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Artist Rachel Whiteread, the first woman to win The Turner Prize

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Brighton alumni, Rachel Whiteread was the first woman to win the prestigious Turner Prize in 1993. Her work is described by Tate as ‘minimalism with a heart’.

Rachel Whiteread, from the series 100 First Women Portraits by Anita Corbin

Born in Ilford, London in 1963, Rachel Whiteread was influenced by her father’s fascination with urban architecture, whom she credits with enabling her to ‘look up.’ Her mother, an artist working at home, illustrated for Rachel the intersection of home and studio, life and art.

From 1982 to 1985 Rachel studied painting at Brighton Polytechnic, now the University of Brighton. She went onto study sculpture at the Slade School of Art in London. As a postgrad young artist, Rachel spoke of living hand-to-mouth. Creativity was provided through objects found on the street, at home or bought for next to nothing second-hand. Rachel explains, ‘they were things that were very much a part of my everyday life and language.’ An example of this are the casts of hot water bottles made during this period – an ordinary, everyday item, heightened to poetic understanding of the intimate and physical relationship between inanimate objects and humans.

The 1980s were marked by high levels of homelessness exemplified by Cardboard City at Waterloo, London. The artist said that the objects she worked with, ‘felt to me like lost human beings,’ that they had, ‘the presence of destitution and sorrow,’ which reflected the situation of homeless people.

Her project Untitled (House) is a response to the demolition of older London housing for redevelopment. For Rachel it highlighted the, ‘ludicrous policy of knocking down homes […] and building badly designed tower blocks which themselves have to be knocked down after twenty years.’ Untitled (House) was a life size cast of a condemned terraced house in the East End of London. It took Rachel and her assistants three months to create a concrete cast of the entire inside of the three-story building. So heavy was it, that it had to be exhibited at the original house location. The artist makes solid the space which we move around and inhabit that is invisible to the naked eye. The piece’s power was further amplified as it stood alone while the housing around it was demolished.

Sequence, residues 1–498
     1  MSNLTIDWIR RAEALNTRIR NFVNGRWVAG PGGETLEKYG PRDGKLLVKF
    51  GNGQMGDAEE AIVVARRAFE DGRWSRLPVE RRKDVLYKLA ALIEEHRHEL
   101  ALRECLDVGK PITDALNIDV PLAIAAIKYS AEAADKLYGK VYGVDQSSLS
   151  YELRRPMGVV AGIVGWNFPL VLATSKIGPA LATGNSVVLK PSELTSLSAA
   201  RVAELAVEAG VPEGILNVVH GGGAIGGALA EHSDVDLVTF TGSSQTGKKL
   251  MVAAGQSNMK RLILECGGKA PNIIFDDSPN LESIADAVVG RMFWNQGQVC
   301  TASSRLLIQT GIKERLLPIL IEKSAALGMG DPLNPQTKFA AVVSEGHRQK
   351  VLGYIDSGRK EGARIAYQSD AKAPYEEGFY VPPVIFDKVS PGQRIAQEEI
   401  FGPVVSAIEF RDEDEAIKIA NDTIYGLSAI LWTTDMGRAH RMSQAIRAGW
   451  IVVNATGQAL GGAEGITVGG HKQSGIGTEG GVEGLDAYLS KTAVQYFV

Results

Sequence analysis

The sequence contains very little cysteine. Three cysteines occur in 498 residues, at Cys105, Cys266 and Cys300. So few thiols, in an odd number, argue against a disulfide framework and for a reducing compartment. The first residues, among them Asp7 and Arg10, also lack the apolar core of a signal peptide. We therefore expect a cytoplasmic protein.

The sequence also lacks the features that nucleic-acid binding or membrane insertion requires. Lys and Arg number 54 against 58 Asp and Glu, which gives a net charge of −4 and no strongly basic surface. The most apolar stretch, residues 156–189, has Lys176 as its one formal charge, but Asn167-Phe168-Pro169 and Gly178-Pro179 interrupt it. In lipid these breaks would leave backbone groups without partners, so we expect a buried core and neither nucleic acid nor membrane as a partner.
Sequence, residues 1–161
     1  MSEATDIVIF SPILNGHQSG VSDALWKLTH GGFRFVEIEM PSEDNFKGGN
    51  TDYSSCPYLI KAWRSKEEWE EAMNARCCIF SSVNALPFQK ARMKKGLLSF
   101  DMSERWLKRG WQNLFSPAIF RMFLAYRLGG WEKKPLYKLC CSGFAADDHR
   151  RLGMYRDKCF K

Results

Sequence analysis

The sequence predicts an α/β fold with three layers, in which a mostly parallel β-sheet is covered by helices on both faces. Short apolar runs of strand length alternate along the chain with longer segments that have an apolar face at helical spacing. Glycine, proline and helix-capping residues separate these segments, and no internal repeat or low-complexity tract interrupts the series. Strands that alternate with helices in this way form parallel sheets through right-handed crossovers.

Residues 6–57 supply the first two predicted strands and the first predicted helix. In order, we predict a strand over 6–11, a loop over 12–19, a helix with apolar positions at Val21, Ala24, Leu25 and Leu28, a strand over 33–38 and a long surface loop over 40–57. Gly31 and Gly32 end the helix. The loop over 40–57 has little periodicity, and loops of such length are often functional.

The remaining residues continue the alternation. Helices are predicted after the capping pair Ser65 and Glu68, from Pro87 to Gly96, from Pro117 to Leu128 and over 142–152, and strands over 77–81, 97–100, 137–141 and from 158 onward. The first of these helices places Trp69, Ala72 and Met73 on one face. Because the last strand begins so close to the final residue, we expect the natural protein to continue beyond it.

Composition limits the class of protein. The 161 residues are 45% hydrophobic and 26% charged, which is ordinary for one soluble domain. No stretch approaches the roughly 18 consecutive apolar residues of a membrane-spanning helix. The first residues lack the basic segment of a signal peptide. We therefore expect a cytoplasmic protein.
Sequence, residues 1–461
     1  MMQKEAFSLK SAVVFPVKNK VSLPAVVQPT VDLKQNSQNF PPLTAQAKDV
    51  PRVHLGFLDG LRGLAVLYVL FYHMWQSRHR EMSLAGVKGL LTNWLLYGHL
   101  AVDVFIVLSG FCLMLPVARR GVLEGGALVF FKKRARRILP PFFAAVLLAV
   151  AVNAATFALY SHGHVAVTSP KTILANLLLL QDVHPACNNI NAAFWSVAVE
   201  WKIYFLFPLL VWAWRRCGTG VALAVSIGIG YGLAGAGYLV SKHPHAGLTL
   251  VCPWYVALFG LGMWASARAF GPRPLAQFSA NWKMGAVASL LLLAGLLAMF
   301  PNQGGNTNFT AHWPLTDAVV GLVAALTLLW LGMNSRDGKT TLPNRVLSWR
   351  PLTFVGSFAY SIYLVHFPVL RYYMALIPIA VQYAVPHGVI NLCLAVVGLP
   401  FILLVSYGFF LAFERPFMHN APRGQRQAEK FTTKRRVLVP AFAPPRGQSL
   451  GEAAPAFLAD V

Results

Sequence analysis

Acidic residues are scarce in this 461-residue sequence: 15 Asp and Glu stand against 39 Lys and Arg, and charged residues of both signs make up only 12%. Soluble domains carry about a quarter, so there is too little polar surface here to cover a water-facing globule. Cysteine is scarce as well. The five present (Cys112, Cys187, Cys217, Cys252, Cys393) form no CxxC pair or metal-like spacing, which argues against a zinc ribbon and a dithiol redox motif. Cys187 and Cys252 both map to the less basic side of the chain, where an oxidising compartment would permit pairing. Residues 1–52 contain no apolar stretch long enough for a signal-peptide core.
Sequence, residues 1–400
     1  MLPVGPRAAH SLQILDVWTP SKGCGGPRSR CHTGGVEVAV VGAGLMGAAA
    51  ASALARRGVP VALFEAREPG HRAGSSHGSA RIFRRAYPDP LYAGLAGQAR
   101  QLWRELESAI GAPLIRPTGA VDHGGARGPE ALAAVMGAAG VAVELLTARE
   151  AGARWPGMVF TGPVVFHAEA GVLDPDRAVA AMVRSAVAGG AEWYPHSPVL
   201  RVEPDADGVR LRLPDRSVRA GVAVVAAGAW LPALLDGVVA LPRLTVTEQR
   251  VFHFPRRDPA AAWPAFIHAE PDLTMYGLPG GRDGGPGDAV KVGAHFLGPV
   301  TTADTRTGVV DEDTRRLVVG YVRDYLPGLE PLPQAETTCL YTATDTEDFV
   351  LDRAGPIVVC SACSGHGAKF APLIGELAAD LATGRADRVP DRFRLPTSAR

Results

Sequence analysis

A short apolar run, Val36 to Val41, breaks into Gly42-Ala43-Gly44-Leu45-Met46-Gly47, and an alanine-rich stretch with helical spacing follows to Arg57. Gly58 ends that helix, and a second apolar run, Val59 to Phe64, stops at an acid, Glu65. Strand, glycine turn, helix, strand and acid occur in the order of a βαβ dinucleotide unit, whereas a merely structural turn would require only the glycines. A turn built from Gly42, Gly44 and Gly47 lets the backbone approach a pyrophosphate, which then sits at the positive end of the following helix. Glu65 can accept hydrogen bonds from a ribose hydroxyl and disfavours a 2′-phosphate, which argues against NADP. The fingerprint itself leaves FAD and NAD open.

In poetic defiance, on the same day that the local authority finalised demolition of the work, after a heated debate to allow it to remain, Rachel Whiteread won the 1993 Turner Prize. She was the first woman to win this prestigious award, of which her portrait celebrates in Anita Corbin’s 100 First Women Portraits exhibition.

The sculpture was destroyed in January 1994, but the artist had made a significant impression on the art world. It has been stated [about Whiteread] that, ‘nothing remains, but the indelible impact on British art and sculpture going forward.’

In continuation of work created in public spaces, the Judenplatz Holocaust Memorial a.k.a. Nameless Library was unveiled in 2000 in Vienna. It is a cast of an inverted library. During the four-year process, the Holocaust was still not being taught in Austrian schools. The sculpture sits in a square in the city’s old Jewish ghetto. Art historian and scholar Whitney Chadwick states the large number of the memorial’s contents which are inaccessible reference the large number of Holocaust victims and their life stories, now absent, invisible and closed. Chadwick describes the work as a ‘counterweight to a long tradition of heroicizing monuments.’ Like Untitled (House), this sculpture acknowledges absences of humans and the intimate interaction with valued objects and spaces.

Rachel Whiteread was awarded a CBE in 2006 and in 2019 a Damehood in recognition to her continued services to art. Her work is held in many notable institution collections including; Tate, London, the Solomon R. Guggenheim Museum, New York and the National Gallery of Art in Washington D.C.

Writer: Lisa Hinkins, MA Student, Museum Gallery Explainer and artist.